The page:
Posted Friday 16 September 2016
A computer game, a dance performance and a nod to freedom fighters around the world were just some of the latest works Kingston University's graduating designers unveiled at their annual MA Fashion show.
Visitors were treated to an eclectic mix of collections that centred on themes of movement and evolution, with undertones of political tension simmering throughout. Launched on the eve of London Fashion Week at the Vinyl Factory in Soho, the show was the culmination of months of research undertaken by the students, who graduated in July.
Among the garments that took to the catwalk were French-Algerian artist Leyman Lahcine's vibrant range of jumpers, featuring the knitted faces of freedom fighters including Martin Luther King Jr, Vietnamese revolutionary and politician Lê Đuc Tho and inspirational Pakistani female education activist Malala Yousafzai. Spurred on by attacks in his home country last year, Leyman explored the struggle he felt to fully understand the conflict amidst waves of messages about patriotism and solidarity in the French media. "My collection looks at propaganda and media manipulation and the feeling of wanting to rebel against it. I've created a conscious sub-group of characters driven by the feeling of wanting to know the truth and fight for peace," he explained. "I called this collection 'a full state of consciousness' to highlight the idea that people won't believe the lies anymore - we cannot be manipulated."
Leyman has coupled his red, yellow and black knitwear with edgy pieces including a leather jacket inspired by 1970's New York gangs, with the slogan Resist to Exist sprawled across the inner linings. The 28 year old from Grenoble says his work is a result of the critical thinking encouraged throughout Kingston University's postgraduate fashion degree programme.
Fellow student and gaming fanatic Odella Yue, 22, turned to the workings of the inner mind in her quest to create a computer game featuring garments that embody the spirit of her character, the Neon Wanderer. She developed an interactive design game that allows consumers to generate exclusive prints for their character, based on how they play. Describing herself as 'the nerdy one', Odella drew from her fascination with games and comic books and blended her inspirations with an unusual dental health experience. "I had to go through four rounds of surgery and, while being in unbearable pain, I experienced bizarre dreams that I psychoanalysed and transformed into graphic prints I used for my collection," the young designer from Henan in China explained.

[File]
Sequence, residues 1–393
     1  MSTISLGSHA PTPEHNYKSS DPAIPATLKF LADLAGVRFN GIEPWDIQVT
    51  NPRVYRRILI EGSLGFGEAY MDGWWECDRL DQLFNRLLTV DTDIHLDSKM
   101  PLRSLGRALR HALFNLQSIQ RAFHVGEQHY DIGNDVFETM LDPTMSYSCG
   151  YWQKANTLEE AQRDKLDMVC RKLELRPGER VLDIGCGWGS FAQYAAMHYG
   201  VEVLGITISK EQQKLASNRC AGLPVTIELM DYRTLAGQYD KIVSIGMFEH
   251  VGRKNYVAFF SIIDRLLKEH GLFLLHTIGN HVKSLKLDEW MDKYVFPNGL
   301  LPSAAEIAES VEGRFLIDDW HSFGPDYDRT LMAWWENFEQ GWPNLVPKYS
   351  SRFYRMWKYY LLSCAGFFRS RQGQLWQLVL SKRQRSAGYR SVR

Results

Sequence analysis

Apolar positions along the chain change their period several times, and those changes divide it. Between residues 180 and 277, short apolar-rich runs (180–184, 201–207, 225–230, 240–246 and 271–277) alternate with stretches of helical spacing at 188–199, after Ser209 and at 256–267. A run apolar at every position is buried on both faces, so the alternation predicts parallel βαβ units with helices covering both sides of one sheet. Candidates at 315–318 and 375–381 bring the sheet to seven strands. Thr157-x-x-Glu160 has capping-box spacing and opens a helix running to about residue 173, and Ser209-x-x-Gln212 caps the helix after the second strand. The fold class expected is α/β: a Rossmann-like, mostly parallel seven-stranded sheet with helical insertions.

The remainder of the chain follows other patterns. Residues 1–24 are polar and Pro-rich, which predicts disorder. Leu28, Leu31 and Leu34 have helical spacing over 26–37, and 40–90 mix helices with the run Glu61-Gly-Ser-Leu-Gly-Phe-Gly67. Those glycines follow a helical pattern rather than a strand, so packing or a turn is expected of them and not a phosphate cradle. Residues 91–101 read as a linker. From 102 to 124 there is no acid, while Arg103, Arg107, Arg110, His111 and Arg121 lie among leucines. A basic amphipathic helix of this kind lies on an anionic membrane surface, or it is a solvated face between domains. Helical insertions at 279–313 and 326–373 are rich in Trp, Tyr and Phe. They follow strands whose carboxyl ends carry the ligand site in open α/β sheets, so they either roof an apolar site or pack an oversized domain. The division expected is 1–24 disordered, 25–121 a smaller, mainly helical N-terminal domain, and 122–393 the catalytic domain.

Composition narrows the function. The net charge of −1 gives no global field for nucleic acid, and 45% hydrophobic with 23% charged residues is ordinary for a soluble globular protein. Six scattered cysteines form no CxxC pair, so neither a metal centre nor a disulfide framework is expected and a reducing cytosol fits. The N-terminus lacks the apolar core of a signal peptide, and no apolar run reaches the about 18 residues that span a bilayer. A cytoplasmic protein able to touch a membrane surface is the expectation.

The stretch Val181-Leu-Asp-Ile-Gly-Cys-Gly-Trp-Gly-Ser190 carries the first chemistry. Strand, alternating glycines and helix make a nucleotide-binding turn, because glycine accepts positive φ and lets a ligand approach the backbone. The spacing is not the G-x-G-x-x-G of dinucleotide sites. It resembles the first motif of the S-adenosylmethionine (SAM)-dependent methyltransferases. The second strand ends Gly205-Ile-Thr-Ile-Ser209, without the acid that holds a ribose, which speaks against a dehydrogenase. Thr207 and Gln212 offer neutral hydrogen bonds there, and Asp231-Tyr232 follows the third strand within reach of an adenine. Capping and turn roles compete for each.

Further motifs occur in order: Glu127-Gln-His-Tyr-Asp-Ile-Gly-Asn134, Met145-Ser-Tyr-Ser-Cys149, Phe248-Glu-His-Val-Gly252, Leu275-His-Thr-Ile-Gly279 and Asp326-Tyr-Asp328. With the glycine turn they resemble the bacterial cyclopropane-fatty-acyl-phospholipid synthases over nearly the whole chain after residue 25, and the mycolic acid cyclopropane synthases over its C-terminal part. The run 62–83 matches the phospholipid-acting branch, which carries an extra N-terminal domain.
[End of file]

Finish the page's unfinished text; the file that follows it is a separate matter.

"When I recovered, I realised what an incredible privilege it was to have my health back and be able to put my dreams into illustrations. I use the computer game as a gateway for the audience to visualise their own personal experiences in a similar way." Odella mixes a range of colours including black, blue and red silks with textured, metallic, quilted fabrics to create elegant silk jackets, finished with a black binding to outline the silhouette of the garments and create a graphic visual effect.
Former dancer turned designer Nigel Guérin-Garnett opted to display his designs in the environment they were intended for - as costumes in a contemporary dance piece that kicked off the evening's events. "I felt that my fashion needed to be expressed in a new way," he said. "There's a specific aesthetic throughout this piece that associates with discovery, exploration, acceptance and celebration. At this level, I've really had to figure out my identity as a creative person and to question the structure of the industry, which I hope is what the dancers reflect."
MA Fashion course leader Andrew Ibi said part of his role was to help the students to develop their identities and react creatively to their surroundings. "We labelled this year's show Live, as a reflection of how this diverse cohort of students sees the industry and its changing position within the world," he said. "It was my job to push them to deliver high quality, professional work that is critical in its approach - fashion has its flaws and it's important the students are well informed and ask the right questions."
Mr Ibi believes the show reflected the need for fashion to engage with new and dynamic global developments. "Fashion is a discipline that embraces progress and these young designers have really explored recent cultural change around consumption and value. The show was a manifesto of their work and what the industry means to them - hopefully, they will have inspired the audience to think of fashion in a different light."